The tools for my composing process are actually very simple, I would say almost “vintage”: staff paper, pencil and a piano, and of course, a computer.
I'm fascinated by your incredibly diverse list of music 'likes' on Facebook. Everyone from Bach to Marilyn Manson to Cocteau Twins to Scout Niblett. What music are you currently passionate about?
When I have to choose what to listen, I just follow my mood and my feelings. Every tiny little thing could affect the next playlist, which has one real main theme: to be as diverse as possible. Some times is surprising to see from where your inspiration could come from.
Lately, I have been listening to Gin Wigmore, a singer and songwriter from New Zealand, who has triggered my interest. Iron by Woodkid is also an impressive song, both in its original version and quintet version. In terms of Contemporary Classical music, I could mention some concertos by Akira Nishimura; Giya Kancheli's Symphony No.5 "To the Memory of My Parents"; John Adams' Son of Chamber Symphony. Those are truly masterpieces.
Since I will be collaborating with some Chinese instrument performers, I am currently listening to some classic repertoire from the Chinese tradition music.
What's something you struggle with creatively? How do you break through that struggle?
Sometimes I am worried that I could have been repeating myself too much in my music. I want to establish my own voice, but also want to do something new to challenge myself. Now I am trying to find inspirations in other artistic forms, not restraining my mind, creating collaborations with the most diverse artists, consulting with professionals, and, above all, trying each time to apply at least one thing I have never utilized before in my previous works.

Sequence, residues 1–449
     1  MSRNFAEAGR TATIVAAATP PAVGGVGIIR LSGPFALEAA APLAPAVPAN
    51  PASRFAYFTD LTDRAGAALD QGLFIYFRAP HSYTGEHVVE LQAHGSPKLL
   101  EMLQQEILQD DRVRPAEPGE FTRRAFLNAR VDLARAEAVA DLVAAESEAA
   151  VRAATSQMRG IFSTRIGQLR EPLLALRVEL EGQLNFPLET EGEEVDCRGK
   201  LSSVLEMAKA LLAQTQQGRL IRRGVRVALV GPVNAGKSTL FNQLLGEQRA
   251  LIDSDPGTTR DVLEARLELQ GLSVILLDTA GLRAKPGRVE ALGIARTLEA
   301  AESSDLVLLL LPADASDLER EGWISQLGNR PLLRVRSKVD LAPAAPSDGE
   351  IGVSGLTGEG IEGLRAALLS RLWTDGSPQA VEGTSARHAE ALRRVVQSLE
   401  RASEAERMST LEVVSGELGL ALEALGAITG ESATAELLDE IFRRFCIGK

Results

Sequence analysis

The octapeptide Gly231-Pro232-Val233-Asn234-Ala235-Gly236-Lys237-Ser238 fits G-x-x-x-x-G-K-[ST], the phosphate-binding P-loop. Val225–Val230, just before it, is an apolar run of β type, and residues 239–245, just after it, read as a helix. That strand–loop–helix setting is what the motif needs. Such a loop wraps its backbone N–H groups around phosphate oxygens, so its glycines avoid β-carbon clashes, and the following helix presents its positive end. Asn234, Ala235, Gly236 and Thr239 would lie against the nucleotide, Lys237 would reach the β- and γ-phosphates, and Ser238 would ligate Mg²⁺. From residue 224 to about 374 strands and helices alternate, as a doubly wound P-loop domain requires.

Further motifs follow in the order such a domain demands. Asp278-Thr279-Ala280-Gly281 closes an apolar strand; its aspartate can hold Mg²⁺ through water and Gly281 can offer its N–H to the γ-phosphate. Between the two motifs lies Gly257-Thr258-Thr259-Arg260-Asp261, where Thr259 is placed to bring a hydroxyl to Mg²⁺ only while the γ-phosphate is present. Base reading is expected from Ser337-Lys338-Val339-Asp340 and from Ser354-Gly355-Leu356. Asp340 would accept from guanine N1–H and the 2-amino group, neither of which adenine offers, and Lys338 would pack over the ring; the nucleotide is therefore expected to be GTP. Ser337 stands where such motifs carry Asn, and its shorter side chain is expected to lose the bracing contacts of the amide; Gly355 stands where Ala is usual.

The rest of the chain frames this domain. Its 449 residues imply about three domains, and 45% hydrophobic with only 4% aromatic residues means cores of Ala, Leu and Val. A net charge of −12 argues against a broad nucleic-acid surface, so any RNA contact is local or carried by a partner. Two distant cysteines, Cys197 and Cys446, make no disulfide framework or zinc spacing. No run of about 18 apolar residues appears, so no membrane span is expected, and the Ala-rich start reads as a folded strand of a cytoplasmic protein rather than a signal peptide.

How has living in Kansas City (or America for that matter) influenced your work?
Enormously. First of all, living in the United States has helped me to compose more. Five years ago, I usually just completed one work per year. Ever since I came to the States, various activities, workshops, and projects have stimulated my compositional motivation. In terms of music itself, living in the States has freed my mind significantly. Anything could influence my music, regardless the genre: classical, avant-garde, contemporary, pop, jazz, or rock'n roll. Sky is the limit, as people say.
Moreover, there are more collaborating projects in America: everyone can apply or, even better, be actually a founder of an event. Plus, we are not limited to collaborate only with other musicians. I can write music and perform together with dancers or painters, giving me the chance to absorb different artistic concepts from the most disparate genres.
Amao's recommendations from the Johnson County Library catalog:
Conjurer by John Corigliano
All time favorite. The first time I heard this piece was at Kauffman Center in Kansas City, performed by Martin Grubinger and Kansas City Symphony. One of the best percussion concertos in the world I would say.
The Grand Budapest Hotel directed by Wes Anderson
Beautiful shooting, good story, signature Wes Anderson work.
Les Misérables by Victor Hugo
I have read it many times since I was a kid. An amazing work of literature.
Romance of the Three Kingdoms by Guanzhong Luo
One of the greatest literatures in China. A Chinese historical novel based on events in the turbulent years during the end of the Han Dynasty and Three Kingdoms era.
Shutter Island directed by Martin Scorsese
Gustav Mahler’s Piano Quartet in A minor is the truly haunting in the movie.